NEW YORK — After finishing her military service, Israeli Yehudit Feinstein-Mentesh moved to New York City 14 years ago to study. Once there she met her husband and settled down. But it wasn’t until her twin boys were born that she suddenly she felt a bit adrift.

Yet, rather than mope she decided to eat, play and sing.

That’s the mantra for KesheTOT an after-school community educational program, which just opened at Congregation Mount Sinai in Brooklyn Heights. Part of the Israeli American Council-Keshet bilingual program for young families, KesheTOT came about because of Feinstein-Mentesh’s growing frustration.

“I started KesheTOT because I had nowhere to take my boys. I was desperate. You make friends very quickly in Israel; here it was very difficult,” said Feinstein-Mentesh, now Regional Director, NY for the IAC. “I wanted to get people interested and excited about Jewish culture.”

In one sense KesheTOT is more than an after school program. It’s a way for Israelis living in the Big Apple to give their children a taste of their own childhood.

It’s difficult to get a precise fix on the number of Israelis living in New York City. The Israeli consulate estimates between 180,000 and 200,000, however, the UJA-Federation of New York puts the number at around 40,000.

No matter the number, many Israelis living abroad want their children, or grandchildren, to experience Israeli culture.

“It’s really an Israeli-based program like what we grew up with in Israel,” Sharon Avon said. “It’s culture, it’s art, it’s tradition in a non-religious way.”

Avon moved to New York City 15 years go, and now lives in Carroll Gardens. She and her husband, who is also Israeli, speak Hebrew with their two children, aged 8 and 5. But lately the two children prefer to speak English with each other. Avon wanted a program that celebrated Hebrew and Israeli culture.

Some parents drive upwards of 45 minutes to take part in the KesheTOT Hebrew-language programming in New York. (courtesy KesheTOT)

Some parents drive upwards of 45 minutes to take part in the KesheTOT Hebrew-language programming in New York. (courtesy KesheTOT)

KesheTOT is one more avenue in which IAC-Keshet is trying to reach out to Israeli-American and American-Jewish communities across the United States. Other programs include Shishi Israeli Shabbat, which allows Israelis and Jewish Americans to share an evening of song and discussion, as well as celebrations to mark Israel’s independence and networking events for young Israeli and American-Jewish professionals.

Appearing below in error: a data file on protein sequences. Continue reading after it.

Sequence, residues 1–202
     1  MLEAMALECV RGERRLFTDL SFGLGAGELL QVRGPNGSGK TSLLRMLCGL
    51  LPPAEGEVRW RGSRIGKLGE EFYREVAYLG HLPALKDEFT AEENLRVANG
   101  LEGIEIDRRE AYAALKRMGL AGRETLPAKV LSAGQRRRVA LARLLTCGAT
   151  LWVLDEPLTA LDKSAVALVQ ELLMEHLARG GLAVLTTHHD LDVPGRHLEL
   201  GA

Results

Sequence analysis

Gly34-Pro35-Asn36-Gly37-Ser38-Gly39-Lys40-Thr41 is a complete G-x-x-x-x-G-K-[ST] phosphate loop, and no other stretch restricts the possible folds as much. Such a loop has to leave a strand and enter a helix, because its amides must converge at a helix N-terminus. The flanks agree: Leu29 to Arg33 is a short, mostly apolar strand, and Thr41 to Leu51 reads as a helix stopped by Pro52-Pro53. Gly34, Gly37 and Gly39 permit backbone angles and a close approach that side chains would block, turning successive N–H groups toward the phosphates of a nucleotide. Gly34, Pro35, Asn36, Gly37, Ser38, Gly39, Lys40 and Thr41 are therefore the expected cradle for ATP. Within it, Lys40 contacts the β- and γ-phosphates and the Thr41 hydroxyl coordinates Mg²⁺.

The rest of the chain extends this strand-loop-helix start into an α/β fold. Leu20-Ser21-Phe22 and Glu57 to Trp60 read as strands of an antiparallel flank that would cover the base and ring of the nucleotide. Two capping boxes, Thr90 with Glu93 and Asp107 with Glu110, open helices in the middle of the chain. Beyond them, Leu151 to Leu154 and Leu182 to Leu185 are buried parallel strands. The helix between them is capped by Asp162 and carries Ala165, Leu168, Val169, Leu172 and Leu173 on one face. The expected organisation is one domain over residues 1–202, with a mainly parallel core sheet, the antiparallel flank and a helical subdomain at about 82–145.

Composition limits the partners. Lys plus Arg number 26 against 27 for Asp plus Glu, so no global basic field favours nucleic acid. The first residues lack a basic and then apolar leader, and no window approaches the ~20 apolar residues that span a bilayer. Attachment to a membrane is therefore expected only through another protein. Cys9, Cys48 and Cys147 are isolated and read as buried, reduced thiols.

“The IAC-Keshet programs serve as a platform to engage and educate the next generation of Israeli Americans, and KesheTOT is an exciting way to instill a knowledge and love of Hebrew language and Israeli identity early in these children’s lives,” Gil Galanos, IAC New York regional chairman, said in a press release.

Aside from the after school program, Avon and other mothers use Hebrew language books, DVDs and music to supplement the program. Yearly visits to Israel also help keep the language fresh, she said.

“That exposure to the language helps a lot too,” Avon said.

Though the songs are exclusively in Hebrew, non-Hebrew speakers won’t feel out of place, Feinstein-Mentesh said. Instruction is in English and there is plenty of call and response for everyone to feel welcome.

The children are greeted in Hebrew, sing Hebrew songs and have snack time and play time. The Israeli teachers gear everything toward bringing a little bit of Israel to Brooklyn.

“We wanted to have that ‘you’re taking a flight to Israel feeling,’” she said. Of course the idea is that parents don’t take flight, and remain and interact during the program. “It’s not a drop off program, the point is not just for kids to connect, but the grown ups too.”

That connection is what drew Adi Amit-Brosh to the program after her oldest was born.

‘We felt like we needed some of the childhood we had and to connect with other Israeli families’

“We really like that there are other Israeli families here. We felt like we needed some of the childhood we had and to connect with other Israeli families,” said Amit-Brosh who has two children. The youngest, aged 2-and-a-half attends KesheTOT and the older, aged 4-and-a-half, goes to a regular Keshet program.

Amit-Brosh came to New York City 16 years ago to study film at New York University’s School of Visual Arts. After she met her husband, who was here on a Ph.D. program at Columbia University, they decided to stay in the US and now live in Windsor Terrace, Brooklyn.

She and her husband felt so strongly about the program they initially drove the 45 minutes from Harlem to Brooklyn.

“It gives us that flavor of Israel,” she said of KesheTOT.